Clock ticks on Spain bailout

A public-sector worker holds a sign protesting against austerity cuts during a protest against Spain's 2013 cost-cutting budget, in Barcelona on 28 September 2012 Image copyright Reuters
Image caption From Spain to Greece, Italy and beyond, frustration and anger over austerity is increasingly palpable on the streets

We are in familiar territory. A eurozone country is assessed as on the verge of a bailout and the countdown begins. International markets are unsettled by the uncertainty over Spain.

What do we know? Brussels is onside to manage the eurozone's fourth full-blown bailout if it is requested. The EU's Economics Commissioner Olli Rehn has declared that Europe's leaders are ready to act.

Spain itself is unsure. The prime minister is ready to request help if the borrowing costs "stay high for too long".

The sticking point is conditions. Madrid is not willing to accept further austerity measures imposed by the EU and IMF. That was at the heart of the talks yesterday.

The Spanish government is seeking assurances that if it requests a rescue then last week's budget will suffice. The view in Brussels is that Spain has done enough.

The leaders of France and Italy are in favour of Spain asking for help. They believe it will calm the markets and remove one more uncertainty. But as I mentioned last week, Germany is far less sanguine about another bailout. It cannot be certain that the Bundestag would sign off on another rescue.

Two other factors are at play. In August the president of the European Central Bank, Mario Draghi, said that he would support countries like Spain by buying their debt - but only if they requested a rescue first, with conditions.

So, the argument goes, why would Spain pass up on this when it needs to raise 38bn euros (£30bn; $49bn) next year to service its debt? Mr Draghi essentially offers to make that task cheaper.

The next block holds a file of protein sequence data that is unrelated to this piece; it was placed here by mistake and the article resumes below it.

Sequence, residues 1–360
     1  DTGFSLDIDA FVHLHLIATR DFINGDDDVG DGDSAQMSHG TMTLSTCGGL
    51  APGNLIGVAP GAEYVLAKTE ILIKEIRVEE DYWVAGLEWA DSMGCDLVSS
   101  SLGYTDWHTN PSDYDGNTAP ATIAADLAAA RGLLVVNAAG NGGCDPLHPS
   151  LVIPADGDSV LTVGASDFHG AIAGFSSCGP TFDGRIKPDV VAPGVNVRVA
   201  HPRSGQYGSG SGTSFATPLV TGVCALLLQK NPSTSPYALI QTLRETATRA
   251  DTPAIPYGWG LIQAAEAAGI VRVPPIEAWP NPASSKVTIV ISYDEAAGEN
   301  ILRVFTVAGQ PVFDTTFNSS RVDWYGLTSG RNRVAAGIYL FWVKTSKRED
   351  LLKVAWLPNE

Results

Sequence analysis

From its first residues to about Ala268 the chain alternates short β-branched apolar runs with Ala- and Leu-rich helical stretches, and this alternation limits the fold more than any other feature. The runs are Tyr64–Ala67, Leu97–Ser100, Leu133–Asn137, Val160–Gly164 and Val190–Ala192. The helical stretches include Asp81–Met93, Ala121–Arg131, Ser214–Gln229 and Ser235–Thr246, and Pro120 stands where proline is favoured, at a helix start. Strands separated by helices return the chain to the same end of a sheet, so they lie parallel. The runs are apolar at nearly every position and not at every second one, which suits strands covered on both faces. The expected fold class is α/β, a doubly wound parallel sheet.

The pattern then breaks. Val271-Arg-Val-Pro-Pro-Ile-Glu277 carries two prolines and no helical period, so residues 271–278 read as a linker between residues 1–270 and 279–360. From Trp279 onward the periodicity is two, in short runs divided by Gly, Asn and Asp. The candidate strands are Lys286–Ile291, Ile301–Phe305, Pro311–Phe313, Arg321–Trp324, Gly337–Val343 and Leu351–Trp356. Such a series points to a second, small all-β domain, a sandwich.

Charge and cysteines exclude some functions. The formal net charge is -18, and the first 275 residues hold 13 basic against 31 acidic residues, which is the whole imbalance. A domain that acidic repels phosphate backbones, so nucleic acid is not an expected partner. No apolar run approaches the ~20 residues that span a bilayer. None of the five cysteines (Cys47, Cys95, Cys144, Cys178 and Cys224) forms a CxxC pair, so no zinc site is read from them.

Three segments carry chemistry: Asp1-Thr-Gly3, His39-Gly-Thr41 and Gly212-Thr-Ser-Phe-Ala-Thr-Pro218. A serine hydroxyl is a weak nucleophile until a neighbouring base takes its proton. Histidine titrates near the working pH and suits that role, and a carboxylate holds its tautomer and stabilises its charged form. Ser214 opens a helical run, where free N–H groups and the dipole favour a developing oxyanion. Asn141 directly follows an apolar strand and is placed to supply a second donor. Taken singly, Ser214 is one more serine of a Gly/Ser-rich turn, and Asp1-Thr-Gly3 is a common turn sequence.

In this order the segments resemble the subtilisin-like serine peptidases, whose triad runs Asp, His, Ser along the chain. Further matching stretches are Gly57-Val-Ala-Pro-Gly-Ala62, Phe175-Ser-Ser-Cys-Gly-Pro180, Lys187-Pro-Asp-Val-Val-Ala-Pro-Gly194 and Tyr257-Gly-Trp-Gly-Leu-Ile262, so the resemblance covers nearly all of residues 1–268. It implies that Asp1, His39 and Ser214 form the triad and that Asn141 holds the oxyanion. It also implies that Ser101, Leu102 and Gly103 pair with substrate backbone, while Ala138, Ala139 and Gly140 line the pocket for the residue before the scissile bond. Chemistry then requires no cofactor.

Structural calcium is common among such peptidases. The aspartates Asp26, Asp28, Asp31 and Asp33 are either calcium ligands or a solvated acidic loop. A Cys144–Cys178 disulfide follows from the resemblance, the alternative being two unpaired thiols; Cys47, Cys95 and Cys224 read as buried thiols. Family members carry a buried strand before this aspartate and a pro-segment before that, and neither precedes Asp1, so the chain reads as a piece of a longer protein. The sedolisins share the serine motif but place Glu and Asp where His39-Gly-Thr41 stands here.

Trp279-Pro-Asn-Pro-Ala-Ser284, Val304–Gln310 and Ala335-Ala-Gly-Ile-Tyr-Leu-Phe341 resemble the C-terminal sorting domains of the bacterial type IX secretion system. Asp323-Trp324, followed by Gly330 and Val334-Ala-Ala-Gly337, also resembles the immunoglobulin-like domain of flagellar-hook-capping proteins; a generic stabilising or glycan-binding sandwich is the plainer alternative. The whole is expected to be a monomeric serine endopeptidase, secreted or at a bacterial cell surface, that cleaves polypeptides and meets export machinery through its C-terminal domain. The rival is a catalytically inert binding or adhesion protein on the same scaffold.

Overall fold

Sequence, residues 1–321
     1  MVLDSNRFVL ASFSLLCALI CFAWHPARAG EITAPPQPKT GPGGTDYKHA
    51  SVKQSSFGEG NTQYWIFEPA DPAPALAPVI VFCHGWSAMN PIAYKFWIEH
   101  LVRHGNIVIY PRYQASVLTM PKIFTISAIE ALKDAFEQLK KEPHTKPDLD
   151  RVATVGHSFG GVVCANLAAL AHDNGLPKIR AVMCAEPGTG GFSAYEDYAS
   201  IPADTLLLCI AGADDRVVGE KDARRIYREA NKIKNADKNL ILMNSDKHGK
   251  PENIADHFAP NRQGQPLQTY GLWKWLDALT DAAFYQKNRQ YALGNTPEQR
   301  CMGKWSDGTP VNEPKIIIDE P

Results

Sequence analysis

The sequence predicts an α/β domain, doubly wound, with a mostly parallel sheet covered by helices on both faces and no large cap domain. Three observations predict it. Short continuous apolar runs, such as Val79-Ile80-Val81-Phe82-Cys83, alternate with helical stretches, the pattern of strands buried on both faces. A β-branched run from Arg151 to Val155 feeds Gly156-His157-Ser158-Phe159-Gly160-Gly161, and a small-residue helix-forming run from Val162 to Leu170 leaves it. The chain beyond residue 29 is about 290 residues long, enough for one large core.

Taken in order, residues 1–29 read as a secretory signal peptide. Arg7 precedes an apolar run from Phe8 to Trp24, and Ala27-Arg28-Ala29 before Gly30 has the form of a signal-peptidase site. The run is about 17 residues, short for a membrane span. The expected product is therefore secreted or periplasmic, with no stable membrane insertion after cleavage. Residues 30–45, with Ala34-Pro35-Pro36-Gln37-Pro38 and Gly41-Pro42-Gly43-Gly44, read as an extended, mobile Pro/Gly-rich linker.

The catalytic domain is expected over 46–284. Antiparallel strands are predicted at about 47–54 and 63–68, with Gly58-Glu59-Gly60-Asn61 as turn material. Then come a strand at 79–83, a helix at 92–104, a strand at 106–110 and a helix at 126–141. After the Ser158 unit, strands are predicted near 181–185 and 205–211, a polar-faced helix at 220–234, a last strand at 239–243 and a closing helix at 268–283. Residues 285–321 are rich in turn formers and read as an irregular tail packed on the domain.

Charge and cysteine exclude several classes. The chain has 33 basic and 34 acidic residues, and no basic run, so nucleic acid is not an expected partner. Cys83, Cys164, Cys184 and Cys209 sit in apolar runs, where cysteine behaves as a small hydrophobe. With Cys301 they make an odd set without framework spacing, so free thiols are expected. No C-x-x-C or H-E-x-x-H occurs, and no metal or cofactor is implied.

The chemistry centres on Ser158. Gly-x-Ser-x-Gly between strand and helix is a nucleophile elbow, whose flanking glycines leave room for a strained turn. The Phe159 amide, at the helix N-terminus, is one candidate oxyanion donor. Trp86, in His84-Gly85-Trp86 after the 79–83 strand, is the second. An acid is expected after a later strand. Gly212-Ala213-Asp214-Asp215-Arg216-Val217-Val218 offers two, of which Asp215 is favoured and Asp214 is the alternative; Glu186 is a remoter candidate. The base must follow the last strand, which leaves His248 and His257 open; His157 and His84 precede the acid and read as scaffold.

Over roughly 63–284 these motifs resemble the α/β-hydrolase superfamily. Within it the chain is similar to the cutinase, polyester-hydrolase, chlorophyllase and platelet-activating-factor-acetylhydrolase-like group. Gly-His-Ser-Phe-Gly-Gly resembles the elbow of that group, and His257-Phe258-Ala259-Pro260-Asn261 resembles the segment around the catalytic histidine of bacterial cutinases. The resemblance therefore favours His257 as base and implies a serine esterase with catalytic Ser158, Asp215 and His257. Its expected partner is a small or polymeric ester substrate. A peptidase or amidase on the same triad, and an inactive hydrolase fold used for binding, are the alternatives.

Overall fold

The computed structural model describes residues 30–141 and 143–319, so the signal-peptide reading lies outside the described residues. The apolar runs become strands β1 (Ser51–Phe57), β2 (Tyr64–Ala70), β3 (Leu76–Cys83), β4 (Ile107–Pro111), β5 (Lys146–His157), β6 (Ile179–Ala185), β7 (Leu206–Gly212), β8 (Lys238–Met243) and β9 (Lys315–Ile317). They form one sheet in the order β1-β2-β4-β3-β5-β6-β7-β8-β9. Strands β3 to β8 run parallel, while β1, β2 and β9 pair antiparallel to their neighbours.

What may bring this to a rapid conclusion? In a word: Moody's. The credit ratings agency may downgrade Spain to junk status. If that happens its borrowing costs will spike and that might be the trigger for a bailout. That could all happen before a meeting of eurozone finance ministers next week.

'Social meltdown'

Even if that happens, the crisis does not go away. Increasingly the eye of the storm is what is happening in the real economies and in people's lives.

The figures coming out of Greece yesterday were shocking. The economy will contract by nearly 4% next year - that's the sixth year of recession. Unemployment is set to go up to 24.7%. Its public debt will reach 346bn euros.

In the eurozone as a whole unemployment has reached 11.4%. A historian, Felipe Fernandez-Armesto, writing in The Times, says that: "Fears of a social meltdown are excessive but not baseless."

From the streets of Athens, to Madrid, to Lisbon, to Paris, to Rome you can sense the frustration growing. The future of the eurozone may not be determined by summits but by the people who might, in the end, reject austerity as the price of supporting the single currency.